Last Updated on May 6, 2015, by eNotes Editorial. Word Count: 559
The title of Margaret Atwood’s novel The Edible Woman exemplifies the theme of commodity and consumption, which is linked to Marian McAlpin’s job with a consumer research, or marketing, company. Marian believes that her boyfriend and later fiancé, Peter Wollander, sees her as an item to be consumed, a trophy wife who will be an asset in his climb to success. Food and eating are important patterns of imagery through the novel. There are several dinner parties, and meals are often described in detail. Marian’s inability to eat indicates her struggles to make sense of—to digest—a world that often seems ridiculous.
The story is a comedy of manners, a parody of the traditional romance plot in which a young woman rejects an inappropriate suitor to marry the right man. In this novel, neither Peter nor Duncan is the right match for Marian. She becomes engaged to Peter, then breaks off the engagement; her future remains uncertain. The other female characters are caricatures representing different versions of the courtship plot. The once fragile and beautiful Clara Bates is married and overwhelmed by her family. The three young women in Marian’s office are hoping to find mates to marry. Ainsley Tewce is convinced that motherhood is the proper role for a woman. She actively pursues a man to father her child, and to marry her. Similarly, Peter is the stereotyped yuppie, the ambitious lawyer with his carefully chosen wardrobe, fiancé, and proper masculine hobbies of hunting and photography.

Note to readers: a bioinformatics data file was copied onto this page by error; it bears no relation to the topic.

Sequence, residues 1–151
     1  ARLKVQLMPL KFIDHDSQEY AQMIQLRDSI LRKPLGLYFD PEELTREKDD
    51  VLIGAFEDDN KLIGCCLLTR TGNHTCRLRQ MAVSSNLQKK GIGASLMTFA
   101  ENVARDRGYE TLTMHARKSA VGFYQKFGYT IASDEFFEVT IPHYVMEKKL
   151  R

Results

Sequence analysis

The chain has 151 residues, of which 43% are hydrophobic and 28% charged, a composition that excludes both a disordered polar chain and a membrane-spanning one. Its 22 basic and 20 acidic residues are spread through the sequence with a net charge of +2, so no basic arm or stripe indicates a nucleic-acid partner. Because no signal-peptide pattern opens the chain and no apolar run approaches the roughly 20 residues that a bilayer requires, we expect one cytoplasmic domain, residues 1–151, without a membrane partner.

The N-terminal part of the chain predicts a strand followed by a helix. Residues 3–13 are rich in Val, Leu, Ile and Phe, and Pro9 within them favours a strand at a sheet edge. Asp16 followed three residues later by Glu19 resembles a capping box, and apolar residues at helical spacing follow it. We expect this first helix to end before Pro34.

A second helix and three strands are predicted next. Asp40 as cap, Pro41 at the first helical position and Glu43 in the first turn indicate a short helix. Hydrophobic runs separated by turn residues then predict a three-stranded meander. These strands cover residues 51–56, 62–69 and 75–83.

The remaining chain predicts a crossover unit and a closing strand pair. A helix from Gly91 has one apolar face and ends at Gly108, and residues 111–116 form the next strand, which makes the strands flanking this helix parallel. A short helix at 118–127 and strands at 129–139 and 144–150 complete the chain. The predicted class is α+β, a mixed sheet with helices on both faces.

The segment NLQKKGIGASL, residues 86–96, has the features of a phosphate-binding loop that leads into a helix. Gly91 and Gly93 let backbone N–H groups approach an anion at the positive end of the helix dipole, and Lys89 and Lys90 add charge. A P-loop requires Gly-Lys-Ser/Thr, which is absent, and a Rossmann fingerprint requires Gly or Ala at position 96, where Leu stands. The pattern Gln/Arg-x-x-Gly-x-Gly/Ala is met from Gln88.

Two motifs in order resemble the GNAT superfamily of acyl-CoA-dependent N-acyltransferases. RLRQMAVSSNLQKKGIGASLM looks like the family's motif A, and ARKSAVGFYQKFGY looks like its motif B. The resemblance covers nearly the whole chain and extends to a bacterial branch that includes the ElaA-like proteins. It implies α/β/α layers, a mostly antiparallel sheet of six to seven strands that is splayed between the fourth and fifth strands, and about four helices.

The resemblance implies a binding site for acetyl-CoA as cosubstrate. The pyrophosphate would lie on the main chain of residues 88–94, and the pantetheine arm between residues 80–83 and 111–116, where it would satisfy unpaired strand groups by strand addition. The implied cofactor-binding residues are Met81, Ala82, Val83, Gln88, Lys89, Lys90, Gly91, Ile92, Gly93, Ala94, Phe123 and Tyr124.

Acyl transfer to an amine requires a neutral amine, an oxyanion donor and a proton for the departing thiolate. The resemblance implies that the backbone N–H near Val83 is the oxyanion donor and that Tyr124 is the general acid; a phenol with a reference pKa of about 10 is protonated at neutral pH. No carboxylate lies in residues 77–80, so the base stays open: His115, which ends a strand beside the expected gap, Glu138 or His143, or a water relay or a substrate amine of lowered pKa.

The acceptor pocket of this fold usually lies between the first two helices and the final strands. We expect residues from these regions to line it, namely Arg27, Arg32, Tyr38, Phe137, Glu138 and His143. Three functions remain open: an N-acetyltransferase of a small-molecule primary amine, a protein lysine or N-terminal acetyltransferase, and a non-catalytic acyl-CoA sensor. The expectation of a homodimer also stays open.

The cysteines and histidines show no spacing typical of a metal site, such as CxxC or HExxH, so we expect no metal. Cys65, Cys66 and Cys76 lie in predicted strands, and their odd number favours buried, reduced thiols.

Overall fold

The novel incorporates a range of literary allusions, including such fairytales as “The Gingerbread Man” (1875) and “Der Räuberbräutigam” (1812; “The Robber Bridegroom,” 1823), in which the groom murders a succession of wives until his last wife outwits him. One of the most important literary intertexts is Lewis Carroll’s Alice’s Adventures in Wonderland (1865), in which a young woman enters a confusing underground world and changes shape, much like the pregnant Clara (or like Marian when she crawls under a bed or stops eating). Fischer “Fish” Smythe discusses Alice’s Adventures in Wonderland at great length at a dinner party. He claims that the novel is about a young woman struggling to find her...
(The entire section contains 559 words.)
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